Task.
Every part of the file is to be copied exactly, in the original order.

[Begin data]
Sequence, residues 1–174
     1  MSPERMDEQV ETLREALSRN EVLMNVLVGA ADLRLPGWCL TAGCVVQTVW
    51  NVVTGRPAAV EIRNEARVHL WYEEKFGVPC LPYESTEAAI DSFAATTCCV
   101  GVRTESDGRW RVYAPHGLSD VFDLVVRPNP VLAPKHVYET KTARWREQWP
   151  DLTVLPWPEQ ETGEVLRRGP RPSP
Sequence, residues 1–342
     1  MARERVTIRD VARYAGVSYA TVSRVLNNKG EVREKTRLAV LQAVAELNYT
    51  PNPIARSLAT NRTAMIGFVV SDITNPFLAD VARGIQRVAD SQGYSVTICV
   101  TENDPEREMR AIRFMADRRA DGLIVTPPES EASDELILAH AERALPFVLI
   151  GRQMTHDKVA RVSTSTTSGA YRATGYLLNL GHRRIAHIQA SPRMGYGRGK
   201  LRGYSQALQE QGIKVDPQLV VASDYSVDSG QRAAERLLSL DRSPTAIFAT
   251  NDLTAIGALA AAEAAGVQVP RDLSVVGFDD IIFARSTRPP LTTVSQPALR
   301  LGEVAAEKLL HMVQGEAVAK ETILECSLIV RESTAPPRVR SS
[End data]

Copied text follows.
Sequence, residues 1–174
     1  MSPERMDEQV ETLREALSRN EVLMNVLVGA ADLRLPGWCL TAGCVVQTVW
    51  NVVTGRPAAV EIRNEARVHL WYEEKFGVPC LPYESTEAAI DSFAATTCCV
   101  GVRTESDGRW RVYAPHGLSD VFDLVVRPNP VLAPKHVYET KTARWREQWP
   151  DLTVLPWPEQ ETGEVLRRGP RPSP
Sequence, residues 1–342
     1  MARERVTIRD VARYAGVSYA TVSRVLNNKG EVREKTRLAV LQAVAELNYT
    51  PNPIARSLAT NRTAMIGFVV SDITNPFLAD VARGIQRVAD SQGYSVTICV
   101  TENDPEREMR AIRFMADRRA DGLIVTPPES EASDELILAH AERALPFVLI
   151  GRQMTHDKVA RVSTSTTSGA YRATGYLLNL GHRRIAHIQA SPRMGYGRGK
   201  LRGYSQALQE QGIKVDPQLV VASDYSVDSG QRAAERLLSL DRSPTAIFAT
   251  NDLTAIGALA AAEAAGVQVP RDLSVVGFDD IIFARSTRPP LTTVSQPALR
   301  LGEVAAEKLL HMVQGEAVAK ETILECSLIV RESTAPPRVR SS